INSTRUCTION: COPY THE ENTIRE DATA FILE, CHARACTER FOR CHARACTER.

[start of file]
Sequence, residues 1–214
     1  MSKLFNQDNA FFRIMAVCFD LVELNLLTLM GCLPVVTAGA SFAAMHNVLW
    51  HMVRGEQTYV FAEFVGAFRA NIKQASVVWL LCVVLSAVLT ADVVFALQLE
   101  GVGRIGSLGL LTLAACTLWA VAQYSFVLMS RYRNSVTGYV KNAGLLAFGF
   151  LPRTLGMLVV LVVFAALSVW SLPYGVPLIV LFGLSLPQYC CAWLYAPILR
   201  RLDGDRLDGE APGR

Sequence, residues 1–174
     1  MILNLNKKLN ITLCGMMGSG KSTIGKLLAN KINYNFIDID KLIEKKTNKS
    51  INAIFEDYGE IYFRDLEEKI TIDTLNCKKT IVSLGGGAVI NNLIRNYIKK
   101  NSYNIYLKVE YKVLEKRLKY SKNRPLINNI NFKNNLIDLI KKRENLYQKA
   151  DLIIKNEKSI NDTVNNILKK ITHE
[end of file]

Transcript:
Sequence, residues 1–214
     1  MSKLFNQDNA FFRIMAVCFD LVELNLLTLM GCLPVVTAGA SFAAMHNVLW
    51  HMVRGEQTYV FAEFVGAFRA NIKQASVVWL LCVVLSAVLT ADVVFALQLE
   101  GVGRIGSLGL LTLAACTLWA VAQYSFVLMS RYRNSVTGYV KNAGLLAFGF
   151  LPRTLGMLVV LVVFAALSVW SLPYGVPLIV LFGLSLPQYC CAWLYAPILR
   201  RLDGDRLDGE APGR

Sequence, residues 1–174
     1  MILNLNKKLN ITLCGMMGSG KSTIGKLLAN KINYNFIDID KLIEKKTNKS
    51  INAIFEDYGE IYFRDLEEKI TIDTLNCKKT IVSLGGGAVI NNLIRNYIKK
   101  NSYNIYLKVE YKVLEKRLKY SKNRPLINNI NFKNNLIDLI KKRENLYQKA
   151  DLIIKNEKSI NDTVNNILKK ITHE